'Different Trains is in three movements (played without pause), although that term is stretched here since tempos change frequently in each movement. They are:

1.     America—Before the war
2.     Europe—During the war
3.     After the war

The piece thus presents both a documentary and a musical reality and begins a new musical direction. It is a direction that I expect will lead to a new kind of documentary music video theatre in the not too distant future.

 -Steve Reich

Movement 1
America - Before the War

 "from Chicago to New York" (Virginia Mitchell)
"one of the fastest trains"
"the crack train from New York" (Lawrence Davis)
"from New York to Los Angeles"
"different trains every time" (Virginia Mitchell)
"from Chicago to New York"
"in 1939"
"1939" (Lawrence Davis)
"1941 I guess it must've been (Virginia Mitchell)

Movement 2
Europe – During the War

"1940" (Rachella)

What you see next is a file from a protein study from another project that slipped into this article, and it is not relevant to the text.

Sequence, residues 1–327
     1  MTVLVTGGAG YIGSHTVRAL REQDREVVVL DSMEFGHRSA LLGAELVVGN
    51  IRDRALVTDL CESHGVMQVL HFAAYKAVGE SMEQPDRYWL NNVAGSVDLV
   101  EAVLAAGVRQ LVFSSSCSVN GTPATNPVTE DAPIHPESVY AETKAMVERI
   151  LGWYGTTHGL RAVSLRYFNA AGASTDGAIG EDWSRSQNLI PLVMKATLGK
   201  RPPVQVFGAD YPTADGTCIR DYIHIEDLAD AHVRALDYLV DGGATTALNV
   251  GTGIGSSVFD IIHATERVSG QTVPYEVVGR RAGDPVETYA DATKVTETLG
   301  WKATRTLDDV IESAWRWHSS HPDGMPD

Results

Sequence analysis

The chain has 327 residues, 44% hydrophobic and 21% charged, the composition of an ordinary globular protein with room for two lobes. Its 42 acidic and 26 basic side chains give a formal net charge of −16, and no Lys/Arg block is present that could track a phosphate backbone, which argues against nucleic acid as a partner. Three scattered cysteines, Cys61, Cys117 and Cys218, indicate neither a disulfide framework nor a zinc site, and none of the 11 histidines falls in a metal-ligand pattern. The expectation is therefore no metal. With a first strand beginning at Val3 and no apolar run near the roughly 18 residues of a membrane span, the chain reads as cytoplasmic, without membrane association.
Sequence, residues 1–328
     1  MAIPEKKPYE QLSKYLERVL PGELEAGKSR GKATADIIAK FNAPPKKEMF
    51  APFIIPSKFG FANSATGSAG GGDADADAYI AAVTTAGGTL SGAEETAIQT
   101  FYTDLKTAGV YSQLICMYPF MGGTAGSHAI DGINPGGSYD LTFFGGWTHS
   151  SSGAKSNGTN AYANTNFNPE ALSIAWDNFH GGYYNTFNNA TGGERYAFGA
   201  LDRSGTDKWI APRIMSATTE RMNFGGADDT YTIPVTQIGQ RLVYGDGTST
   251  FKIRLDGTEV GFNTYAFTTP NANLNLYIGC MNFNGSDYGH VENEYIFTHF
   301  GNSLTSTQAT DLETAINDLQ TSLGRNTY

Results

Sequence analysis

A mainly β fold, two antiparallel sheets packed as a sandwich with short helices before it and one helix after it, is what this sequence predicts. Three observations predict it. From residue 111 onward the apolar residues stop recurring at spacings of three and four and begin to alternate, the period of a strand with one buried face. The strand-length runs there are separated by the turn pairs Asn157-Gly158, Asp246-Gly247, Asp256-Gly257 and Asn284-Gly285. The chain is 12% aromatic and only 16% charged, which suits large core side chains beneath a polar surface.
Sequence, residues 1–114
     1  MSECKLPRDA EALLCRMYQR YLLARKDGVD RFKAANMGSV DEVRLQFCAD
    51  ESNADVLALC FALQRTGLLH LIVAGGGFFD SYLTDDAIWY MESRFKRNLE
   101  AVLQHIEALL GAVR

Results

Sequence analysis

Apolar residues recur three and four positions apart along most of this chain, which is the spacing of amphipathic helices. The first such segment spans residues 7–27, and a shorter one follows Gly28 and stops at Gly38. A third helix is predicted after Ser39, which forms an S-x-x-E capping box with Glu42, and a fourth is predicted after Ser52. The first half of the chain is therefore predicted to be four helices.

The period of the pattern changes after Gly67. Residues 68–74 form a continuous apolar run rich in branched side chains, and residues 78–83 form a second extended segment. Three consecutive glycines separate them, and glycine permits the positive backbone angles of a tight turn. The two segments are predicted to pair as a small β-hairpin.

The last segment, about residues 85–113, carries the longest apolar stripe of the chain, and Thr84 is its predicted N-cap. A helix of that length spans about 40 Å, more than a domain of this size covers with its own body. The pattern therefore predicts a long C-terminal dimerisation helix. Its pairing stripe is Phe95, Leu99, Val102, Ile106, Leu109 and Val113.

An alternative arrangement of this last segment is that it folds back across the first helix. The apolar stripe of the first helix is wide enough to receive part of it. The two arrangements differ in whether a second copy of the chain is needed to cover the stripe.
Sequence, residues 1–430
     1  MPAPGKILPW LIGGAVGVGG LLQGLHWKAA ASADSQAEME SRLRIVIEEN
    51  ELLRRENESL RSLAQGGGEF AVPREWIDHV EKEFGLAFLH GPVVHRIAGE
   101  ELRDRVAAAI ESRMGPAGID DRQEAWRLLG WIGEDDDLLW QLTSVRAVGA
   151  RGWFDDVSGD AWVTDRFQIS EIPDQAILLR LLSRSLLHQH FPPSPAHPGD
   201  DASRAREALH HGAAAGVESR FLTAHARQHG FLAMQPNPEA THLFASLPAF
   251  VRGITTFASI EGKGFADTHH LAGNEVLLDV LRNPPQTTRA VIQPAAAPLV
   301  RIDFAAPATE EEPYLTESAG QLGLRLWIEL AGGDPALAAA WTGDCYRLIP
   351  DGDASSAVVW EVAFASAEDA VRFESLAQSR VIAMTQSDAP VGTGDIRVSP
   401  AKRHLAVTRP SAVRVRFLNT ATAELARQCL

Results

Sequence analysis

"on my birthday"
"The Germans walked in"
"walked into Holland"
"Germans invaded Hungary" (Paul)
"I was in second grade"
"I had a teacher"
"a very tall man, his hair was completely plastered smooth"
"He said: 'Black Crows invaded our country many years ago'"
"and he pointed right at me"
"No more school" (Rachel)
"You must go way"
"and she said 'Quick, go!'" (Rachella)
"and he said: 'Don't breathe!'"
"into those cattle wagons" (Rachella)
"four days and four nights"
"and the we went through these strange-sounding names"
"Polish names"
"Lots of cattle wagons there"
"They were loaded with people"
"They shaved us"
"They tattooed a number on our arm"
"Flames going up to the sky - it was smoking" 

Movement 3
After the War

"and the war was over" (Paul)
"Are you sure?" (Rachella)
"The war is over"
"going to America"
"to Los Angeles"
"to New York"
"from New York to Los Angeles" (Mr. Davis)
"one of the fastest trains" (Virginia)
"but today, they're all gone" (Mr. Davis)
"There was one girl, who had a beautiful voice" (Rachella)
"and they loved to listen to the singing, the Germans"
"and when she stopped singing they said, 'More, more' and they applauded"